Within the organization of the New York City Police Department, the Chief of Training oversees the Training Bureau, which includes the Police Academy, the NYPD Cadet Corps, and other units.
The old Police Academy opened in 1964 and was located at 235 East 20th Street in Manhattan, in the Gramercy Park area. Within 25 years, however, the facility was regarded as antiquated and obsolete, and no longer had capacity for larger classes of police trainees. Jeremy Travis (then the special counsel to the police commissioner, and years later the president of the John Jay College of Criminal Justice) urged construction of a new facility in 1985.
In 1989, Mayor Edward I. Koch promised a new facility to be located in the South Bronx, and in 1992, during the mayoralty of David N. Dinkins, architects were chosen and plans were released. However, Mayor Rudolph W. Giuliani canceled the plans for a new facility. In 2007, plans for a new police training center were revived under Mayor Michael R. Bloomberg and Police Commissioner Raymond W. Kelly, with the new facility to be located on a 35-acre tract in College Point, Queens, that previously housed a police tow parking lot owned by the city. Seven other locations, including the decommissioned Flushing Airport, the Seaview Hospital and Farm Colony in Staten Island, and Floyd Bennett Field in Brooklyn, were considered before the College Point site was ultimately chosen. Groundbreaking officially occurred in December 2009. Phase One opened in December 2015.
After the NYPD moved its academy to Queens, the fate of the old academy building was initially unclear. In 2008 and 2013, local residents and Manhattan Community Board 6 pushed to convert the eight-story building into a public school. In October 2016, however, the NYPD opened its Candidate Assessment Center in the old building; the center recruits applicants to join the police department.
The new facility is located at 130-30 28th Avenue, was constructed at a cost of $950 million, and has three buildings with a combined 730,000 square feet of space. It is not easily accessible by public transit; the closest New York City Subway station, Flushing–Main Street, is more than one mile away. Perkins & Will, Tactical Design, and Michael Fieldman were the project's architects, and Turner and STV were the construction managers.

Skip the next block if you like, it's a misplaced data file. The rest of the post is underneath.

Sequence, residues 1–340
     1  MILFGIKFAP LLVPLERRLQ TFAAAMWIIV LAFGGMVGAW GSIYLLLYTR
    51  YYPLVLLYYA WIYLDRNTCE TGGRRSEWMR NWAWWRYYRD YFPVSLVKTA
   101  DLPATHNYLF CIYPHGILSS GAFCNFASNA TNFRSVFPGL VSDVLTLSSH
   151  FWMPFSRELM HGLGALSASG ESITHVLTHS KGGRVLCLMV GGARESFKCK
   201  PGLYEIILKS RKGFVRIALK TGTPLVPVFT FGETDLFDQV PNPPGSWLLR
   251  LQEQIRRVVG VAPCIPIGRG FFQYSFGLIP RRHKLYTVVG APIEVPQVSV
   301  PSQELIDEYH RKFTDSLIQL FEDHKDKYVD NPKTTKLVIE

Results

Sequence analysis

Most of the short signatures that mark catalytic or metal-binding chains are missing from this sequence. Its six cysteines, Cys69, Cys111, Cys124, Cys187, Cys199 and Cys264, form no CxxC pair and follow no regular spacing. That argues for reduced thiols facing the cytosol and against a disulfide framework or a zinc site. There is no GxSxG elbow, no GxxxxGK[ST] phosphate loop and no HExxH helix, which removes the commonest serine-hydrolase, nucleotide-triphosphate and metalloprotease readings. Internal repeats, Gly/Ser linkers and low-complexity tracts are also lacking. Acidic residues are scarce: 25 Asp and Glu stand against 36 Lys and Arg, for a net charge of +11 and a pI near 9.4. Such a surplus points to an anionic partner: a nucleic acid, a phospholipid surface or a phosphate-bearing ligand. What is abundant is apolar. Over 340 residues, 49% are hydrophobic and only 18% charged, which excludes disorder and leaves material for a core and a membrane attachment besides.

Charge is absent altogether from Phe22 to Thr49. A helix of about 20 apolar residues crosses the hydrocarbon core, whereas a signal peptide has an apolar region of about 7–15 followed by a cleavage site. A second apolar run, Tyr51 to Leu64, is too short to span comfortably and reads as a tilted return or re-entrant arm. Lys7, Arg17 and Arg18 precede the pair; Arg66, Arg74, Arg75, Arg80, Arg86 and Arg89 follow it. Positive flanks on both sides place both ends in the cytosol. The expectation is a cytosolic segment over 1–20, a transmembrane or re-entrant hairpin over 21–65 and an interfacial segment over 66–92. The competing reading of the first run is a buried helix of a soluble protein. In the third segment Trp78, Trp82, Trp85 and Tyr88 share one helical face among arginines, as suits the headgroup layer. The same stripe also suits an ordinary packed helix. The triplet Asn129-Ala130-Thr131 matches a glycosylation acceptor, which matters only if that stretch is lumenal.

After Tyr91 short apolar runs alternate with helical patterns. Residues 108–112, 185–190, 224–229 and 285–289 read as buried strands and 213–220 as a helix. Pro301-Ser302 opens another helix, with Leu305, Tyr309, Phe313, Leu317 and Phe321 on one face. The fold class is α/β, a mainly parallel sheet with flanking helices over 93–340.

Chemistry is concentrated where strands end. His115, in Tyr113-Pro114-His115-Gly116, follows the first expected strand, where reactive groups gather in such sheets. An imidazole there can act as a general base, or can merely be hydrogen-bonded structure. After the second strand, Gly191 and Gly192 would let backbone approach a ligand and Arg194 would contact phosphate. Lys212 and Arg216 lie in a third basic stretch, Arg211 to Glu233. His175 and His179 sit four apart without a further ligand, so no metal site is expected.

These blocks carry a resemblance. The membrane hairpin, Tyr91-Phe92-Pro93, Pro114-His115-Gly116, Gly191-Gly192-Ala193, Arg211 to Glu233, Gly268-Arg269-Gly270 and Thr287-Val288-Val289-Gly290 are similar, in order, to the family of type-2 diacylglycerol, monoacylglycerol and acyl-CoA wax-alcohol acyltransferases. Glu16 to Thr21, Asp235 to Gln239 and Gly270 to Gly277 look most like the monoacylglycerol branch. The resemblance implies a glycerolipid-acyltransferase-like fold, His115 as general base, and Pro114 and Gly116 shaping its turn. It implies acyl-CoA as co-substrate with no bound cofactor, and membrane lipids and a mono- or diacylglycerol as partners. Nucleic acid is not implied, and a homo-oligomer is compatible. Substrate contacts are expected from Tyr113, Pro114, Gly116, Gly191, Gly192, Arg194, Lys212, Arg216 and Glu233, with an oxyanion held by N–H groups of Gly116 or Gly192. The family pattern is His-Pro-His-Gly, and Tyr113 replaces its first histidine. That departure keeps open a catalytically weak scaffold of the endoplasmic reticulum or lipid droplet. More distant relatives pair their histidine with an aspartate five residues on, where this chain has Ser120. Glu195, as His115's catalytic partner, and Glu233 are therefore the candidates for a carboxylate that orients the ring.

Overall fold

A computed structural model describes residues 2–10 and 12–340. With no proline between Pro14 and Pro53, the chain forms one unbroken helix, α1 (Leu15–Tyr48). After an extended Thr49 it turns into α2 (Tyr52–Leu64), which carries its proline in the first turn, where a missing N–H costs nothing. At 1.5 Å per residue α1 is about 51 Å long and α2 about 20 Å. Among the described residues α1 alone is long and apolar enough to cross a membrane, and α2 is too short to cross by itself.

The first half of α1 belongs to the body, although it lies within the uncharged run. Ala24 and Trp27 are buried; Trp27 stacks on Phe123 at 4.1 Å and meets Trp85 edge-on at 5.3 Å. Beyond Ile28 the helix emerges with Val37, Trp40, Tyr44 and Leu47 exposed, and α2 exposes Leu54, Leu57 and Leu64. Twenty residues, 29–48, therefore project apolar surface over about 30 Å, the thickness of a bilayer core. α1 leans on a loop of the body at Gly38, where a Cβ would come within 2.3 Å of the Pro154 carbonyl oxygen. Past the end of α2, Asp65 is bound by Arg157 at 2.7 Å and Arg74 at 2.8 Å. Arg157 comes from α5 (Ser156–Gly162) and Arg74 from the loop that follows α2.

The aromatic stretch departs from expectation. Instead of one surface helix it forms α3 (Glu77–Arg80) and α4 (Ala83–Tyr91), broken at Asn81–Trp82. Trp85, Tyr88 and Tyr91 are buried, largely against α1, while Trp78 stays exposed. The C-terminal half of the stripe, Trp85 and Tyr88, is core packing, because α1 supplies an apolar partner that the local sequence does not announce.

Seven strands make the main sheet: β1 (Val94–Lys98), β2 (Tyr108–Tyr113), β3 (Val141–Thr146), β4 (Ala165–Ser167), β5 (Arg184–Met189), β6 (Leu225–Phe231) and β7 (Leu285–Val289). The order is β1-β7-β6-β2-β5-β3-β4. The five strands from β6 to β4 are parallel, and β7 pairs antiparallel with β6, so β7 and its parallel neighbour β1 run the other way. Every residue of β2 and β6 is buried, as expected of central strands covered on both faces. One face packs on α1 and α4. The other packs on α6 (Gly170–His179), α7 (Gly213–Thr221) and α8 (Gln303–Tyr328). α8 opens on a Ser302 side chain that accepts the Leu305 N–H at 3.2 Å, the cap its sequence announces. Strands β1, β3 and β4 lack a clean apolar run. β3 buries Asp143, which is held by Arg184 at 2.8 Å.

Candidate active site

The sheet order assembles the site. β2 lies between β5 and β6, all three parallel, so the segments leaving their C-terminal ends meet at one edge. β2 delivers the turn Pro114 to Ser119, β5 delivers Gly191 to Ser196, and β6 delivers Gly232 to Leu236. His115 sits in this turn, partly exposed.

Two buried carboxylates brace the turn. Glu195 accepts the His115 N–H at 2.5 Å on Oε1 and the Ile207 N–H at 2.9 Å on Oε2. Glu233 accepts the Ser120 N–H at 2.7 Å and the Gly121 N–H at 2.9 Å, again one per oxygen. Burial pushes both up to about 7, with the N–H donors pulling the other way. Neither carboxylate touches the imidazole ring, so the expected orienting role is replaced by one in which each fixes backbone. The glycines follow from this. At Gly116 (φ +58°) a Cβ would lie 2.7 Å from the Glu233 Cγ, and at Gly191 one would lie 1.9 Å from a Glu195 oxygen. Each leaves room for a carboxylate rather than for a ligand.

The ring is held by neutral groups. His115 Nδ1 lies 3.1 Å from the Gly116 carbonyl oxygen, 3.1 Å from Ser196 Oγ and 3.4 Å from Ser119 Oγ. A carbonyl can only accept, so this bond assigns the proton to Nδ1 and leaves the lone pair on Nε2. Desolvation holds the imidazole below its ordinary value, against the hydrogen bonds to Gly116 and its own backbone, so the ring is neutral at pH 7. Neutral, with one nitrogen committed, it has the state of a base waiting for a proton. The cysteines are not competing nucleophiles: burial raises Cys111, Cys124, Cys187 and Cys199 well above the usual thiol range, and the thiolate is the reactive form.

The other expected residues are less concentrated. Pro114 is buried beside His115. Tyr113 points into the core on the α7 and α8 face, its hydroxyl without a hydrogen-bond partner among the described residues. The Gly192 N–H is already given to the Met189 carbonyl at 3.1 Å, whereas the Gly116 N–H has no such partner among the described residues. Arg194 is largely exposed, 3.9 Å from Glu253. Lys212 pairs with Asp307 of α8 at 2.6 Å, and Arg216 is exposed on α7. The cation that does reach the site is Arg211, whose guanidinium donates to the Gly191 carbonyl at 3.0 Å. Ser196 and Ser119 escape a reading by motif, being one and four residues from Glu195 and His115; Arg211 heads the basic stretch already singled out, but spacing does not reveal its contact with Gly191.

The three buildings at the academy are a classroom and office building (eight stories, with an atrium, cafeteria, auditorium, and library); a "physical and tactical training" building, including a large gymnasium and swimming pool; and a central utilities plant. The training facilities include simulated locations, such as a mock subway station, mock courthouses, and mock precinct houses. The main police academy site does not include a firing range (the NYPD range is located at Rodman's Neck in the Bronx), nor is the facility used for driving instruction (NYPD officers train in driving at Floyd Bennett Field).
- Chief of Training: Theresa Shortell, New York City Police Department (last accessed May 12, 2020).
- David W. Dunlap, $950 Million Police Academy Simulates the Mean Streets, New York Times (March 16, 2016).
- Al Baker & Colin Moynihan (December 16, 2009). "Construction Begins on Police Academy in Queens". New York Times.
- Diane Cardwell, Police Academy to Move From Longtime Home in Gramercy Park to Queens, New York Times (April 6, 2007).
- "NYPD unveils $1 billion state-of-the-art police academy". WPIX-TV. December 15, 2015.
- Heather Holland, Police Academy Set to Move Out of Gramercy in July, NYPD Says Archived 2017-11-09 at the Wayback Machine, DNAinfo (February 11, 2014).
- Heather Holland, Residents Push to Convert Police Academy to Public School Archived 2017-11-09 at the Wayback Machine, DNAinfo (February 11, 2014).
- Maria Alvarez, NYPD cuts ribbon on new recruiting center, Newsday (October 24, 2017).
- Rocco Parascandola, NYPD campaign wants new recruits to 'bring who you are,' stresses 'compassionate' policing, New York Daily News (October 23, 2016).